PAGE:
This morning, I had the opportunity to speak with the Miles Davis Estate on a phone interview. The interview was set for 11 a.m. I had been up since 6 going over everything in my mind and my notes. I got in a second bowl of coffee, picked up the phone and dialed.
Both Erin Davis (son of Miles) and nephew of Miles, Vince Wilburn Jr. were kind enough to speak with me at length. Both Erin and Vince are musicians themselves both playing drums. They have toured with Miles and have lived with him.
In this interview, I wanted to find out more about Miles Davis than what we already know.
If this is your first introduction to Miles Davis, your timing couldn’t be any better. With a new documentary film “The Birth of Cool” and the newly released album “Rubberband” you can experience the birth of cool for the first time or the hundredth. After 30 years of being put on a shelf, “Rubberband” the album that started in 1985 with producers Randy Hall and Zane Giles has just been released on Rhino Records. Hall, Giles, and Vince Wilburn Jr finished the album.
“Uncle Miles would be proud. Randy, Zane and I, and everyone involved, put our heart and soul into the Rubberband of Life,” says Wilburn Jr. The album features several guest artists.
If that doesn’t satisfy your bebop bug, “Miles Davis: Birth of the Cool” the documentary film directed by Stanley Nelson is in theaters now. The film debut was in January 2019 and has been screened nationally to excellent reviews. “The story of Miles Davis, who he was as a man and artist has often been told as the tail of a drug-addled genius,” said director Stanley Nelson.
“You rarely see a portrait of a man that worked hard at holding his craft, a man who deeply studied all forms of music, from Baroque to classical Indian. An Elegant man who could render ballads with such tenderness yet hold rage in his heart from the racism he faced throughout his life.”
There have been many films and documentaries made about Miles all telling a similar seedy tale. Many of Miles’s interviews are super cringeworthy. Miles has been known to say things like “You should have done your research before you interviewed me.” in his barely audible level of voice.
The mystique behind the smokey jazz musician has decades of folklore. Images of cool cats wearing sunglasses at night fill our minds. Miles has a 50 year career to talk about. Over 50 studio recorded albums, 36 live albums, 35 compilation albums, 17 box sets, 4 soundtrack albums, 57 singles, and 3 remix recordings. We love Miles, but we don’t know him.
Miles came from a good family. He was born Miles Dewey Davis III in Alton IL. His mother was a music teacher and violinist, his father was a dentist. Miles went to Juilliard School, a private performing arts school also known as Yale for musicians. The outcome was Miles Davis and the birth of cool. His trumpet sound is unmistakable. His music and sound can never be duplicated. He’s an American treasure.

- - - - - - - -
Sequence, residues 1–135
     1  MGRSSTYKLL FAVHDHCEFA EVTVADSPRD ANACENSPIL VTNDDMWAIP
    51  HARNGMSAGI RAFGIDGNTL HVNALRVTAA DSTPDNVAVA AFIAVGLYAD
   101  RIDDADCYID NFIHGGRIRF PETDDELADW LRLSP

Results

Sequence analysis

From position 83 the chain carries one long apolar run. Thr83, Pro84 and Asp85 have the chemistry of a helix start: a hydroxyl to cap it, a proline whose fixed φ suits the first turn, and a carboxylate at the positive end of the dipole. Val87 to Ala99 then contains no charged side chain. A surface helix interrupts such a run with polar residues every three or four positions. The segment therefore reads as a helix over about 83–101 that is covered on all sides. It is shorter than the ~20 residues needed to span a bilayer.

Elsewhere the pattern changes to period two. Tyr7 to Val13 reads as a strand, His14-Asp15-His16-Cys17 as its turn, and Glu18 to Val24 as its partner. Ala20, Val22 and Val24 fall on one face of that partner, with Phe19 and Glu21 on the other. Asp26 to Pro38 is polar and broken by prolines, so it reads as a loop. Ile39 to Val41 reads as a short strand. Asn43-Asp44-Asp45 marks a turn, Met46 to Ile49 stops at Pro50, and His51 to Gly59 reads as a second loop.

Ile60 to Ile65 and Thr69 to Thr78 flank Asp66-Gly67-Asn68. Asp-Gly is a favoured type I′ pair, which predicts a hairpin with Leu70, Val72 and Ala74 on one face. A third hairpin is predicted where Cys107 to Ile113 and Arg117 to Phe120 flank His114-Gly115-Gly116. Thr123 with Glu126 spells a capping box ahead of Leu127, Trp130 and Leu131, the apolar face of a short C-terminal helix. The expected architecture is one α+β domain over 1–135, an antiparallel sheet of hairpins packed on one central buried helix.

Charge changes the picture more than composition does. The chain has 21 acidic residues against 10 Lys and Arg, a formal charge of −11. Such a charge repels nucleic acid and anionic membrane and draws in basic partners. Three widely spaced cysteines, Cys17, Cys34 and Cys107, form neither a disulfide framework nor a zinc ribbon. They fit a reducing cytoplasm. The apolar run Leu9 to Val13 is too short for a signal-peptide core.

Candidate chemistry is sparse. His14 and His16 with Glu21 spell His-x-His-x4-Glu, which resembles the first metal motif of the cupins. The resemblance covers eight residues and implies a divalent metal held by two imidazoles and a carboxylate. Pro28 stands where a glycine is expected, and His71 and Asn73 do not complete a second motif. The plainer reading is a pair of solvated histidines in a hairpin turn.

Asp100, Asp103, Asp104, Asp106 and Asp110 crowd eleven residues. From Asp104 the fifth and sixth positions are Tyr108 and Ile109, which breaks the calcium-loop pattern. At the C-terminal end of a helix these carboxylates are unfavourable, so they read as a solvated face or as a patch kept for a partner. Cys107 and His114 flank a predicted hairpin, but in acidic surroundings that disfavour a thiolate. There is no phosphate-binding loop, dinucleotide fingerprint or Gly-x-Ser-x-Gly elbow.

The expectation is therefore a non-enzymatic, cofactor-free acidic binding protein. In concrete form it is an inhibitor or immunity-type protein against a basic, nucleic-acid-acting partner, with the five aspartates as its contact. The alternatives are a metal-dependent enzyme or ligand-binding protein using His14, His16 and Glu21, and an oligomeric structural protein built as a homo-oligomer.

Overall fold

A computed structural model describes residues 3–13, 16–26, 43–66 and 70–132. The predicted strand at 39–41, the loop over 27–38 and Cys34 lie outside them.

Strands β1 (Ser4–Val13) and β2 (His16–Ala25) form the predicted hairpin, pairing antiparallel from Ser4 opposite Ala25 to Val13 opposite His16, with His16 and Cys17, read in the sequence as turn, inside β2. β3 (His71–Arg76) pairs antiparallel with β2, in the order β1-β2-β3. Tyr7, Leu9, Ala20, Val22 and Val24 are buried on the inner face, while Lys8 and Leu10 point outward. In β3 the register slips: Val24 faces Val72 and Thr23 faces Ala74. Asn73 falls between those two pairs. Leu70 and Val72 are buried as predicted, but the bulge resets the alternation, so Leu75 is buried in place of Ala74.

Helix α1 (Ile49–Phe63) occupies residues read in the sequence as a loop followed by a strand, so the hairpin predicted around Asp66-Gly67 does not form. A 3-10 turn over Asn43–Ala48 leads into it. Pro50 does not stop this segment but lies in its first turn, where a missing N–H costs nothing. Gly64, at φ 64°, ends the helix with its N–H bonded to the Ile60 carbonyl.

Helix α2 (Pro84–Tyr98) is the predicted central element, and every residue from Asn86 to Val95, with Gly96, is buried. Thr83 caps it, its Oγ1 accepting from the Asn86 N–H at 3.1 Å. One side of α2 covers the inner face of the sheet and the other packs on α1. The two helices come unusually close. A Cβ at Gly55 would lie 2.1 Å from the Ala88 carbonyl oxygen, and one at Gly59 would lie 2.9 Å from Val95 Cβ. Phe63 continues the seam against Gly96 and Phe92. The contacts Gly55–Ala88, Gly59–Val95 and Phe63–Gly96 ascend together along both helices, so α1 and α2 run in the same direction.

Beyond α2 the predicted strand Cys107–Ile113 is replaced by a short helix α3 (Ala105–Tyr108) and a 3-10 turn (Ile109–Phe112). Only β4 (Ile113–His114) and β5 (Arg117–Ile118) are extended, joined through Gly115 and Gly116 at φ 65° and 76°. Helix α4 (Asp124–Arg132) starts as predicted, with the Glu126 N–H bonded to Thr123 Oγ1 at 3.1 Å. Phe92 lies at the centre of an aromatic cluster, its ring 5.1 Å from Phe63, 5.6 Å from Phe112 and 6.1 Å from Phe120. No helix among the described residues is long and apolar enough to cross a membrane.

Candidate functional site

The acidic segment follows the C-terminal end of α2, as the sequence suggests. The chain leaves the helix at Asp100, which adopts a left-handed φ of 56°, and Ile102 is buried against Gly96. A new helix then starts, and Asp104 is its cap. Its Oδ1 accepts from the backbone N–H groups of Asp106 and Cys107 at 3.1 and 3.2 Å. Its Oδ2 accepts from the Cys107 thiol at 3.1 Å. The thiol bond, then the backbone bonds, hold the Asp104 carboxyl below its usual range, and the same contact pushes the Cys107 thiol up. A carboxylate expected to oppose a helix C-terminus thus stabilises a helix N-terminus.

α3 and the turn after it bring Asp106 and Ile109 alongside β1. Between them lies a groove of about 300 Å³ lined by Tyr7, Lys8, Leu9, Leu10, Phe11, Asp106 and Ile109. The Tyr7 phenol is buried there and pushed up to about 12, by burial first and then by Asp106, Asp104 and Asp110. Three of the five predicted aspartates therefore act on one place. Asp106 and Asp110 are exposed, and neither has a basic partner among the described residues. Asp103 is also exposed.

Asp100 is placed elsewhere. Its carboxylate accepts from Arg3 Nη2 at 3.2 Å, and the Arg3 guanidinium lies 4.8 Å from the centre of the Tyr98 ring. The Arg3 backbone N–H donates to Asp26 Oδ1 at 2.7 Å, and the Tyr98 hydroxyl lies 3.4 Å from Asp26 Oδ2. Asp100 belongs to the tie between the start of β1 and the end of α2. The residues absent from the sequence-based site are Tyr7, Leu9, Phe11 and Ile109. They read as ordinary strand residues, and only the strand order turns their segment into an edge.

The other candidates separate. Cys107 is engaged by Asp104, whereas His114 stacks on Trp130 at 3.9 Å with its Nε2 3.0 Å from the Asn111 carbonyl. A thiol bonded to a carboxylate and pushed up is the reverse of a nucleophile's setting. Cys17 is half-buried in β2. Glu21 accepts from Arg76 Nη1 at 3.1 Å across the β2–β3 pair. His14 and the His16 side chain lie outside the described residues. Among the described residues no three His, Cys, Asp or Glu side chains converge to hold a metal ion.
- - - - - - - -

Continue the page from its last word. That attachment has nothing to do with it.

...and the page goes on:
Talking with Erin and Vince was more fun than I had expected. Phone interviews can be awkward, interrupted, or seem cold. Hearing them both talk about Miles was absolutely charming. You could hear their love for him. They made me wish I could have known him too.
When I asked Erin how deep he had dug into his father’s past, he said, “I don’t have to dig, everywhere I go people have stories to tell me and I listen.”
So I did the digging, and here’s what I found out about Miles Davis. Miles had a great sense of humor. Tradition suggests that most musicians have good senses of humor, and apparently Miles didn’t disappoint. Miles was an excellent cook! He loved to cook for people. Imagine what that may have been like, having Miles Davis make dinner for you in his beautiful Malibu home. Nobody knows how he learned to cook, or who taught him.
Miles served dishes like bouillabaisse and Caesar Salad from scratch, and swordfish. There is a missing secret recipe book that nobody has ever been able to find. My guess would be one of the fascinating women that he had been involved with taught him how to cook. One thing we know about Miles is that he invested quality time in quality women.
Miles was also a painter. An artist with bold strokes and loud colors, finishing many works of art on paper and canvas. Miles worked mostly with acrylic. His artwork is kept in a climate controlled facility. When I asked about an exhibit, “It holds a lot of mechanics” said Erin. Miles did the artwork for his album “Amandla” with an impressive self portrait.
Miles had a love of boxing. He trained with professionals when he was clean. Erin remembers sitting in front of the TV, and “Dad would make popcorn, and break down the fight.” Erin said he misses that. “Dad had an old satellite dish, it took 5 minutes to find the fight, but it was so much fun.” Miles trained at Brooklyn’s Bobby Gleason’s Boxing Gym, and in Chicago at the legendary boxer Johnny Coulon’s. Miles was a diehard boxing fan and friend of Sugar Ray Robinson.
“My Uncle was sensitive, and forever evolving. He never wanted to rest on his laurels.” said Miles nephew Vince Wilburn Jr. “ He was always about the music.”
The Miles Davis Estate was started by the Davis family and members of the Davis circle. “Miles was always looking for new musicians to work with, and new talent.” was the answer I got from Erin when I asked if Miles would have wanted a foundation.
The Miles Davis Estate is in its beginning stages. What we have here is something to look forward to. A scholarship is being developed for musicians pursuing a degree in music, and that is music to our ears. Please visit www.milesdavis.com